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To answer your questions in brief: The solar maximum is already here [December 1999]. It is not an abrupt event you can date, but the crest of a wave whose width is at least several years. From what I have heard, the current peak is lower than expected.
No one can predict a large solar storm months ahead of time--the best
we can say is that they are more frequent near the peak of the sunspot
cycle. Some big ones cause little disturbance near Earth--depends on
factors like the precise orientation of the interplanetary magnetic
field. Planetary alignments have no effect whatsoever. [See also next item.]
The large planets you read about are unlike anything in the solar system
--usually Jupiter-size or bigger, and very close to the star (this has to
do with the method of detection--it's hard to detect long-period planets).
No solar eruption has ever been found to affect the solid Earth. Their
energy is too small, and almost all of it is dissipated outside the
breathable atmosphere. No earthquakes follow CMEs.
I have no control over CNN. But if you seek to understand nature,
look up my site and sources linked or cited there.
The dust however is not collected by the comet in its orbit, but is part of its make up, probably dating back to the beginning of the solar system. Comets
may have two tails, and sometimes these are well separated, as in the recent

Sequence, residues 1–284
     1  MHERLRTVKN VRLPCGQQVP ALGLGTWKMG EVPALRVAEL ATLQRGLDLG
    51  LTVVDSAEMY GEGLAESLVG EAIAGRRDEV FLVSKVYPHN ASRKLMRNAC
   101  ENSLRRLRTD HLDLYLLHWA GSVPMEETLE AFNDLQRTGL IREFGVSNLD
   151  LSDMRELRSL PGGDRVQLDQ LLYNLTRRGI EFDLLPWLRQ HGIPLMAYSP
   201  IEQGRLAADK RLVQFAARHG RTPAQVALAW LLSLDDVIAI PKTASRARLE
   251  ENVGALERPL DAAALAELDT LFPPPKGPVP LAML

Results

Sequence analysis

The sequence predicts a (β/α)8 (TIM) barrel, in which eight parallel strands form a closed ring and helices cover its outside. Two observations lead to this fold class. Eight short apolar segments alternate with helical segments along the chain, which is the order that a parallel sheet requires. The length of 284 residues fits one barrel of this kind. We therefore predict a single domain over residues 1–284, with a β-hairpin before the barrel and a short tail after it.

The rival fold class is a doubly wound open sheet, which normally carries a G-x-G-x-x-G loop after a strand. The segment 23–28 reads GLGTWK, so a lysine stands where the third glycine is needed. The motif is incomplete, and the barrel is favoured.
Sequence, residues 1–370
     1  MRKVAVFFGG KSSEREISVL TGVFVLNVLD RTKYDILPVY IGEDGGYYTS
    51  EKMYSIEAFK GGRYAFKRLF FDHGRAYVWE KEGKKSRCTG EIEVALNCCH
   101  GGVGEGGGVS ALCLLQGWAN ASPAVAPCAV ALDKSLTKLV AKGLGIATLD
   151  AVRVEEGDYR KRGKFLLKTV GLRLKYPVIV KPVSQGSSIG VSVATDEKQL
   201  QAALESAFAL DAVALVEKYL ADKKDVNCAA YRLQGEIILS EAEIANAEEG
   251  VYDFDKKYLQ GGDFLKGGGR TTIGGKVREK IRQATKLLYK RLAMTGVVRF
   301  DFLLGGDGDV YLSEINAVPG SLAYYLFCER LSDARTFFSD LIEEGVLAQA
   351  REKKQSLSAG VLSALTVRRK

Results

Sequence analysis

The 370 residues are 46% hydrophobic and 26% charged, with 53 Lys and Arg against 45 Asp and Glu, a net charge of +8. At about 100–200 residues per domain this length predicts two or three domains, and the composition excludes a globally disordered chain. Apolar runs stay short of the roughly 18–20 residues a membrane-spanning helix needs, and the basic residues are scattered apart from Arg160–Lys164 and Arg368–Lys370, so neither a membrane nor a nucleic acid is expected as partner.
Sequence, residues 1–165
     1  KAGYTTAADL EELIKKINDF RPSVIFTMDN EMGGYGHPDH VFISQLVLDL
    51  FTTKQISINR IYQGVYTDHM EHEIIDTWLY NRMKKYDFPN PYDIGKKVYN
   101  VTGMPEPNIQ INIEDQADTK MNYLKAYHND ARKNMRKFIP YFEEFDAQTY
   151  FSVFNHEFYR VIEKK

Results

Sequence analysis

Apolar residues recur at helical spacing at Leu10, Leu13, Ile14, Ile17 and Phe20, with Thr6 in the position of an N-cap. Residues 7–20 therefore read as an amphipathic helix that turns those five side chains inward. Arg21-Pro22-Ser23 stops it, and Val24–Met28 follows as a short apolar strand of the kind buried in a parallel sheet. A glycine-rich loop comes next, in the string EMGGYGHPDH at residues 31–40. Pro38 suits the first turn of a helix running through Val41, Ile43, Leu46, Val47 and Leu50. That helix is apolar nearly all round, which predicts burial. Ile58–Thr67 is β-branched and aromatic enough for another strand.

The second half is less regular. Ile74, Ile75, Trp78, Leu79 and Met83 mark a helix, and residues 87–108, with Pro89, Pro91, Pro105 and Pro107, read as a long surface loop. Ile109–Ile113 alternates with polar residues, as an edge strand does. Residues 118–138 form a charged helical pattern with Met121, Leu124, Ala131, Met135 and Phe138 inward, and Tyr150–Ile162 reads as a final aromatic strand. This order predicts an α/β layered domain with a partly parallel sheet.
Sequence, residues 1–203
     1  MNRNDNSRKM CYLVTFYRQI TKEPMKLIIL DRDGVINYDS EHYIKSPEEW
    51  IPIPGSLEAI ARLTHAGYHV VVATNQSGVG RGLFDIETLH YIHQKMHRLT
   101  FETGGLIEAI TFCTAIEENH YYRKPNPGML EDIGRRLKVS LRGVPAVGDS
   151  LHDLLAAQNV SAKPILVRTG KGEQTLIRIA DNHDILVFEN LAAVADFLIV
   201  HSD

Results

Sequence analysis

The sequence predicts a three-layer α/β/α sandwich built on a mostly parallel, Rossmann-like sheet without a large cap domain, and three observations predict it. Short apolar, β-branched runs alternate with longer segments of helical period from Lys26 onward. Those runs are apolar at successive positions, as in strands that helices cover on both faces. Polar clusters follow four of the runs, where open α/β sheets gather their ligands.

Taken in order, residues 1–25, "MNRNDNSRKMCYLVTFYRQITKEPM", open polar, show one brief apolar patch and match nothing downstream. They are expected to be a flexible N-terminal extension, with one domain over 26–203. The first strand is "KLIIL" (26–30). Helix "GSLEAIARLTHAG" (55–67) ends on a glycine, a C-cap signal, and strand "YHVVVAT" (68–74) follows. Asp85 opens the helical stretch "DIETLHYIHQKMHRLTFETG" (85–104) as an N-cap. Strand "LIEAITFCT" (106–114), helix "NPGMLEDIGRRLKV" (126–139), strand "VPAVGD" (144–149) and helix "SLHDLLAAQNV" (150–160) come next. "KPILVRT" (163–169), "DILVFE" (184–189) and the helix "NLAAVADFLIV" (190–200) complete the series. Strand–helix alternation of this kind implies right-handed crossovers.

Comet Hale Bopp: they differ in color, composition, and direction,
and are pushed away from the Sun by different forces.
Dust tails are pushed by light pressure, and their colors are those
of sunlight, scattered by them the way clouds on Earth also scatter sunlight.
The other tails contain plasma--free electrons and ions, that is, atoms
from which sunlight has removed one or more electrons, leaving a positive
charge. They glow in the colors characteristic of their material (a bit like the
way streetlights produce the characteristic glow of sodium), and are pushed back by the solar wind. As explained on the above web page, the velocity of the solar wind is not too many times larger than that of the comet, and that
causes them to point not straight away from the Sun but at a small
angle to that direction.
Imagine you were able to rotate this arrangement by some angle--by 10°, 30°, 90° or whatever--around an axis perpendicular to the plane of the ecliptic. You rotate just the Earth and its orbit (and perhaps the Sun), while the rest of the universe stays as it is.
The relation between the Sun and the Earth then remains exactly as before--the only difference is that you are looking at it from a different
direction. Seasons and the apparent motion of the Sun across the sky
are still the same as they were.
What our imaginary rotation has done is exactly the same as what the
precession of the equinoxes does to the Earth's axis. So if an ancient monument is lined up to point at the Sun during solstice, it will continue doing so. Our calendar is also adjusted, so it would also remain the same day of the year.
On the other hand, an ancient monument aimed at a certain passage of a star would no longer fulfil its function, because now the axis of the Earth points towards a different part of the celestial sphere.